- In a few cases, your symptoms may be so severe that you need immediate help. Call 911 or other emergency services immediately if you think that you cannot keep from hurting yourself or someone else. If you are not in immediate danger, call the Veterans Crisis Line for help and support. Veterans and their loved ones can call 1-800-273-8255 and Press 1 or chat online to receive confidential support 24 hours a day, 7 days a week, 365 days a year.
7. If I come to the residential unit, will I be in a locked unit?
No. The residential unit is an open unit. Vets are routinely taken off the medical center grounds and out into the community. They are encouraged to request passes on weekends to visit family and attend to personal business. A vet may also decide to end his/her treatment episode at any time.
8. How can I explain to my family what I am experiencing with PTSD?
The vet's peers in the program are a valuable source of ideas for talking with family about military combat and about PTSD. This VA educational web site may also spark valuable discussion.
9. Does your program treat sexual trauma?
Yes. The outpatient PTSD clinics, or "PCTs" see Veterans whose sexual trauma is miltary-related. Additionally, Central Texas offers a residential program dedicated to the unique needs of sexual trauma survivors. Veterans seeking residential treatment and whose trauma is of a sexual nature may be better served by the Women's Trauma Recovery Center. Your Primary Care provider or your primary Mental Health provider can refer you to the Military Sexual Trauma (MST) program.
- Protect your sobriety.
- If you are not currently involved in outpatient PTSD groups, call your vet center, outpatient clinic, or VA medical center to ask about getting involved in a group. If you are involved in an outpatient program, you may need to temporarily increase your involvement. Your physician may want to temporarily adjust your medications. Talk to him or her about it.
- If watching the news coverage bothers you, consider limiting the amount of time you watch and/or getting your news in bite-size pieces from sources other than 24-hour news channels. Read the newspaper instead, or watch the news only at the regular evening broadcast, rather than watching for hours and hours.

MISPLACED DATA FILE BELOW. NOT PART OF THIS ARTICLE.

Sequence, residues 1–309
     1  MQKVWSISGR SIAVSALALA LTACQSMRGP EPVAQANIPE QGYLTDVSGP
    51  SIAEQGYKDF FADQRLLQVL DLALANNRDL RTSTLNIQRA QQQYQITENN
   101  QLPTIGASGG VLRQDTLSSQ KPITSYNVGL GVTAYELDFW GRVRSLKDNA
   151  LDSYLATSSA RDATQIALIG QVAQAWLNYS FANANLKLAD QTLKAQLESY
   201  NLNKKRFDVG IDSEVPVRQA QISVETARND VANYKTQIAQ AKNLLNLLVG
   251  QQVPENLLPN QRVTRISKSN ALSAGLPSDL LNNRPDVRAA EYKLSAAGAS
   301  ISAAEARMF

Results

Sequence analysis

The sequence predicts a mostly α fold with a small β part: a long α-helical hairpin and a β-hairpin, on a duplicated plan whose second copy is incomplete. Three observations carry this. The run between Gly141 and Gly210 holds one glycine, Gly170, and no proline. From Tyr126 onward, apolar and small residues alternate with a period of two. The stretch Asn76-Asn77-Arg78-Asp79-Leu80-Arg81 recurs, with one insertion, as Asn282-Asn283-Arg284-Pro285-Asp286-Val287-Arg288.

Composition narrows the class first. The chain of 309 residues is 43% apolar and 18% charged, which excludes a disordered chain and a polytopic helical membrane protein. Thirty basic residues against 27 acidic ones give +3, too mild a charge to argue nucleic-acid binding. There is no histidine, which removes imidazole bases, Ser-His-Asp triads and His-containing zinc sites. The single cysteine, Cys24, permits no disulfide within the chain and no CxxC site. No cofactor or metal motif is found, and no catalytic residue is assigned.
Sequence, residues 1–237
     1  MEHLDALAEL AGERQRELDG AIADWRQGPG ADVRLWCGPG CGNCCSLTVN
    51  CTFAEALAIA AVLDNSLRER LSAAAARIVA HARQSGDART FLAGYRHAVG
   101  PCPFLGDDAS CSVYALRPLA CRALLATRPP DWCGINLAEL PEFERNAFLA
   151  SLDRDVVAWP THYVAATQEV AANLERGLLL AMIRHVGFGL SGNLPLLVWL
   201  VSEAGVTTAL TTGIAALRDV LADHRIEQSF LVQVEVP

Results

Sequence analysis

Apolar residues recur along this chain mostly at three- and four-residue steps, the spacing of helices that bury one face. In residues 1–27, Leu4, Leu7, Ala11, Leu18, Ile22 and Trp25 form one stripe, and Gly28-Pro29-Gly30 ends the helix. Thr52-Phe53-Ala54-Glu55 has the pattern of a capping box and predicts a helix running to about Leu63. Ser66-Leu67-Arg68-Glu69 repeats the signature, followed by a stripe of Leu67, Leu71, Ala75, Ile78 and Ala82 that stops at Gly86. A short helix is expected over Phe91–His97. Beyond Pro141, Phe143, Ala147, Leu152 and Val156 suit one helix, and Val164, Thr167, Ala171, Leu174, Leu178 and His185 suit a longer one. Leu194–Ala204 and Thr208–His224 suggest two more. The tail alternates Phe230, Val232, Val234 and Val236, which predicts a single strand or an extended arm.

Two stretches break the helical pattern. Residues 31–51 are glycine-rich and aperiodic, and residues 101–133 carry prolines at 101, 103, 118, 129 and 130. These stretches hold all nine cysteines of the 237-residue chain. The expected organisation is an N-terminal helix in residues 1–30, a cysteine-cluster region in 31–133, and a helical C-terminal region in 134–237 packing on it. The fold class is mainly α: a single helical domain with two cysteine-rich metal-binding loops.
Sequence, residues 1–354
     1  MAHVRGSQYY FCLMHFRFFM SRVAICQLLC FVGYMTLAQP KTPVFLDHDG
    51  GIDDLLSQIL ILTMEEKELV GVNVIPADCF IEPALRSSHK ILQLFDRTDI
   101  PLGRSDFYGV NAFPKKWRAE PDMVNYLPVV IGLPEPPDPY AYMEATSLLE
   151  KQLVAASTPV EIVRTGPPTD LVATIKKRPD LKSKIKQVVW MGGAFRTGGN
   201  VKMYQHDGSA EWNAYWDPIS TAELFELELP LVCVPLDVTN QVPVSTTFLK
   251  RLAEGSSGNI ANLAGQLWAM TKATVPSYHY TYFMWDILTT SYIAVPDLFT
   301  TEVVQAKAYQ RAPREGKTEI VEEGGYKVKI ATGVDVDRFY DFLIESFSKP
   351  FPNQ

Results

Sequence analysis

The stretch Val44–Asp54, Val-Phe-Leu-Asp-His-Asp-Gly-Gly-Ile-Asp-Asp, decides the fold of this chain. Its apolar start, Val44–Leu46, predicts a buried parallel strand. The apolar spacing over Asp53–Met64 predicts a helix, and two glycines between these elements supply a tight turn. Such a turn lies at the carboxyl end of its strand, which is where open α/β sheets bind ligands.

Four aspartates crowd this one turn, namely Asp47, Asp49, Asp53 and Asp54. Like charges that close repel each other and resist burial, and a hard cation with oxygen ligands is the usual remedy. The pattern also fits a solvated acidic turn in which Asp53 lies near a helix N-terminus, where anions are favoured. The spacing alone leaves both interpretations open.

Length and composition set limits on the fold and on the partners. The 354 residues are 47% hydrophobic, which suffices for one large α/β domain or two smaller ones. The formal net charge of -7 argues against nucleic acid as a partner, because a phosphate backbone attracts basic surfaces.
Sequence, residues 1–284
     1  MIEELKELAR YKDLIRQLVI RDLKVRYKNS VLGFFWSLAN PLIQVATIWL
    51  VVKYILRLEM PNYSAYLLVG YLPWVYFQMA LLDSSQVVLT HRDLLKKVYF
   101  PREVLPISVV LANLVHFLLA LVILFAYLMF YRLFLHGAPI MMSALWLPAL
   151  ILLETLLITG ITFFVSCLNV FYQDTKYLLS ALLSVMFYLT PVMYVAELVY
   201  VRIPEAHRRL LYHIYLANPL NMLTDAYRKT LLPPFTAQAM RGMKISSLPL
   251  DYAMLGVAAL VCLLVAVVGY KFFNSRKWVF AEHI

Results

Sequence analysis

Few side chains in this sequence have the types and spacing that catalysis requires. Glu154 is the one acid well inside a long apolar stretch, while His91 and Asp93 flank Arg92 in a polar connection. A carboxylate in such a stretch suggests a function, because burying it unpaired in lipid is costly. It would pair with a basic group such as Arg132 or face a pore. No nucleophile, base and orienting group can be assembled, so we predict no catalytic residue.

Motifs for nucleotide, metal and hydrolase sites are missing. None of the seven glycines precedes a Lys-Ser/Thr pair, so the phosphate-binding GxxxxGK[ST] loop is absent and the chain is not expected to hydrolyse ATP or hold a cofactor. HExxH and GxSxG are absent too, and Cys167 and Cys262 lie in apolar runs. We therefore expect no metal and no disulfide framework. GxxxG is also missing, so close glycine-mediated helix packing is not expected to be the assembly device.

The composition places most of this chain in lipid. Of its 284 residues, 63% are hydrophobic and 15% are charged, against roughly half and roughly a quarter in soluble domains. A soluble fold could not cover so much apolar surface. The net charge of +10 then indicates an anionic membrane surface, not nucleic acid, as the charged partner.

- Be sure to take breaks from news coverage and spend the time talking with other live human beings. Go out for coffee and chat with the other patrons, call other vets or friends and family just to talk -- about positive things, not about terrorism or war.
- Keep up social ties. It is easy to feel very isolated and cut off from the human world when PTSD symptoms worsen. You need relationships now more than ever. Call or go see a friend, family member, sponsor, or another vet. Check out your ideas with them. Sometimes we need the feedback from other people to let us know when our thinking is awry. Relationships also offer empathy and support and a distraction from anxiety-provoking thoughts and memories.
- Keep up your daily routine. If you work, go to work. If you are disabled, keep to your routine around the house, doing chores, volunteering, or however you normally structure your time.
- Take care of your physical health. Stay on medications, eat at mealtimes, sleep at night, get some exercise.
- Acknowledge whatever feelings you are experiencing. If you are angry, feel angry (but do NOT hurt anyone with your anger). If you are frightened, feel frightened. If you are sad, feel sad. If you want to laugh and have fun, laugh and have fun.
- If you don't feel like talking, journal about what you are feeling.
- Consider volunteering for helpful community programs.
- For more information, contact your PTSD care program. Here is a link to the National Center for PTSD.